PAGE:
Improving access to capital: “Native Nations have had to be creative when looking for funding.”

Avoiding single-purpose funding: Federal funding “is often limited to a single purpose, such as connecting Indian Health Services facilities or schools & libraries…The Schools, Health, & Libraries Broadband Coalition encourages a concept called ‘To and Through Anchors’ to get past these silos.”

Recognizing the Preparation Needed to Take Advantage of Opportunities: “Native Nations that have already started projects or have plans to start projects can easily jump on new funding opportunities.”

Assuring that communities benefit from new job opportunities that accompany broadband-access projects: “Training and hiring locally is a benefit to the community, and this means that contracted workers do not have to travel far to work on a project.”

“Within each of these communities, there are people who took up the challenge and saw opportunity there,” Trostle observes. “They did not just focus on what they did not have, but on what they could do with better broadband access. This enabled them to write grants to show proof-of-concept projects, and they leveraged these initial successes to get larger funding opportunities. They also worked with the community to determine what the community needed and wanted. It was not about improving Internet access for the sake of improving infrastructure metrics, but about what community members wanted to do with better connectivity. The IT [Information Technology] and Planning professionals whom I interviewed really highlighted the importance of understanding the community strengths and how they could get to better Internet service with these strengths. They also were realistic about their financial plans, which meant they could develop networks that made sense for their communities.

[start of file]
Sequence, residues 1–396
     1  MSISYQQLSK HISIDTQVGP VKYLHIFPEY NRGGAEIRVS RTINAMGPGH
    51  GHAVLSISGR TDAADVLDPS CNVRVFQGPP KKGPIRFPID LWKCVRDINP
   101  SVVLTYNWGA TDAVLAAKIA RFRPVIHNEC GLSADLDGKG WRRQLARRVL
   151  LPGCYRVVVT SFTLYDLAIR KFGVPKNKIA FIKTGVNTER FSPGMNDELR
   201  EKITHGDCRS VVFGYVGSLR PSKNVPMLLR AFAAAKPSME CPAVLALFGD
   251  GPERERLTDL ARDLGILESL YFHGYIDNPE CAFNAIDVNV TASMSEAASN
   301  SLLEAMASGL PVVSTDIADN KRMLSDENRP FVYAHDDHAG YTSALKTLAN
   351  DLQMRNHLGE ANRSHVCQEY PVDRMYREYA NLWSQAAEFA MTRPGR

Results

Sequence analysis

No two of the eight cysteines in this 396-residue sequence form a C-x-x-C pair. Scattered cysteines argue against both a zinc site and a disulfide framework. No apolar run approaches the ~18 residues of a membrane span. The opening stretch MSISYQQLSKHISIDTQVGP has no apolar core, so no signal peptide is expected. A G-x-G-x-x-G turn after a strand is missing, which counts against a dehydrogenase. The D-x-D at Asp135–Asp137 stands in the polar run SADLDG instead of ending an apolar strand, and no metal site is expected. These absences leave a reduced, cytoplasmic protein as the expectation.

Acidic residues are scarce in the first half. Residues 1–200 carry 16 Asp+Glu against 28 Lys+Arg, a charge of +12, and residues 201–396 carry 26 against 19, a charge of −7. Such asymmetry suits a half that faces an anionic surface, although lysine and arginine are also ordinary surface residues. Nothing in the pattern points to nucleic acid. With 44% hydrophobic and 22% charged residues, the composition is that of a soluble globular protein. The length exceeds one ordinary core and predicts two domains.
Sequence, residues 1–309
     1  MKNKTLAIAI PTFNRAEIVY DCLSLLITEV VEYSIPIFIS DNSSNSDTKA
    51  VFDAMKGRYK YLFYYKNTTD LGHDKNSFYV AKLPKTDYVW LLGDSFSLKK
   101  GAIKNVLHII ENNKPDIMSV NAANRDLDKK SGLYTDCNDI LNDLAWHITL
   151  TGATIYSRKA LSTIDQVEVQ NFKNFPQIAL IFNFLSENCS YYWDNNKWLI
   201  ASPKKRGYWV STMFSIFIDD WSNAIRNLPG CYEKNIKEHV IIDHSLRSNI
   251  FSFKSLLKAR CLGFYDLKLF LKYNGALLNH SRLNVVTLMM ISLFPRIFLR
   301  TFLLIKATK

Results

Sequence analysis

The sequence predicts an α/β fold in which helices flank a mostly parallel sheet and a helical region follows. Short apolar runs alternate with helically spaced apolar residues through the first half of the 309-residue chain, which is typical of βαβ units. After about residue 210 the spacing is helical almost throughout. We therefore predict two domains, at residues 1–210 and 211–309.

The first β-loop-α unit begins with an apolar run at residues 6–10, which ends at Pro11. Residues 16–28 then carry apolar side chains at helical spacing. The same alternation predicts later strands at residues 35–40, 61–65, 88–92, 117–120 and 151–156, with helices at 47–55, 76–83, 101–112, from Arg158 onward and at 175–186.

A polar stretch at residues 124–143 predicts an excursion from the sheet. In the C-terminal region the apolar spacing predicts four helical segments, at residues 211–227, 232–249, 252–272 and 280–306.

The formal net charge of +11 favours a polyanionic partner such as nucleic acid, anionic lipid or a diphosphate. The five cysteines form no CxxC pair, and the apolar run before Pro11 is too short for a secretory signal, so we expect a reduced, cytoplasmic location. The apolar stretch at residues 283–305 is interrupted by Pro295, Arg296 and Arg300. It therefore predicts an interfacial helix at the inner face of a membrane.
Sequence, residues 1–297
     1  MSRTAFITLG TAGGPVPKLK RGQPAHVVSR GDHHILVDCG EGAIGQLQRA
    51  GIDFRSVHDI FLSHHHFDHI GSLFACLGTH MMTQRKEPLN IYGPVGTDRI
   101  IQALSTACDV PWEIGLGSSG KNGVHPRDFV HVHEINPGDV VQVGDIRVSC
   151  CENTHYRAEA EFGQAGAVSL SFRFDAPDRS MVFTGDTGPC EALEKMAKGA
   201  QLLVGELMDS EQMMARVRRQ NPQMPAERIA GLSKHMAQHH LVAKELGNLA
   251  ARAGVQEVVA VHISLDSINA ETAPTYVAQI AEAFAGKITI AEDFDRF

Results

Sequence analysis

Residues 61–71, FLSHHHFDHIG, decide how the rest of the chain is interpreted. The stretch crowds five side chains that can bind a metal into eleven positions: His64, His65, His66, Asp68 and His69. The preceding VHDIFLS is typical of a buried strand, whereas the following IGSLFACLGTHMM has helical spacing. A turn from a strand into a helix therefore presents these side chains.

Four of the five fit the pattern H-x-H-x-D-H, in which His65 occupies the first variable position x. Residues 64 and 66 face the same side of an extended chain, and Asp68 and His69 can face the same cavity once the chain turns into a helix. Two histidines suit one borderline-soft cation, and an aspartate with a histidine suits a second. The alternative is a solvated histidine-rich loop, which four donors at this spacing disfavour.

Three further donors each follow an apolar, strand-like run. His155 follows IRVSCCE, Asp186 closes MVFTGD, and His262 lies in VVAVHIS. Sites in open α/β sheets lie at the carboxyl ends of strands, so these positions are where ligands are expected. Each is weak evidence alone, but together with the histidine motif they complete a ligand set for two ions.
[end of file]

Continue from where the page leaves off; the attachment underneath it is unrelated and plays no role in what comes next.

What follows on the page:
“[A] story that comes to mind is from my conversation with Jason Hollinday at the Fond du Lac Band’s Planning Division. They spent years at Fond du Lac trying to develop a broadband plan, and they kept being turned down for grant funding. These slow starts, however, made them recognize the importance of describing what the community actually wanted from a broadband network. The planning division got more feedback from the community members and realized that they needed to dream bigger for their network. The wireless network that they had initially proposed would not work for the whole community because of the terrain and the capacity limits. They needed a fiber network, and by learning from all their failed starts, they were able to write a successful grant to secure funding for a fiber network.

“Something that is very important that we haven’t fully touched on here: Broadband access in Indian Country is getting better,” Trostle suggests. “We do not have great data available, but it has improved over the years. And one of the reasons for that is Native Nations building their own networks or collaborating with other local governments or local cooperatives to build this infrastructure. This is an exciting time with the recent allocation of the 2.5GHz Spectrum to Native Nations. There is more opportunity than ever for  improved broadband access in Indian Country. We are all learning and building together.” 

ShapingEDU Broadband-Access Initiative Graphic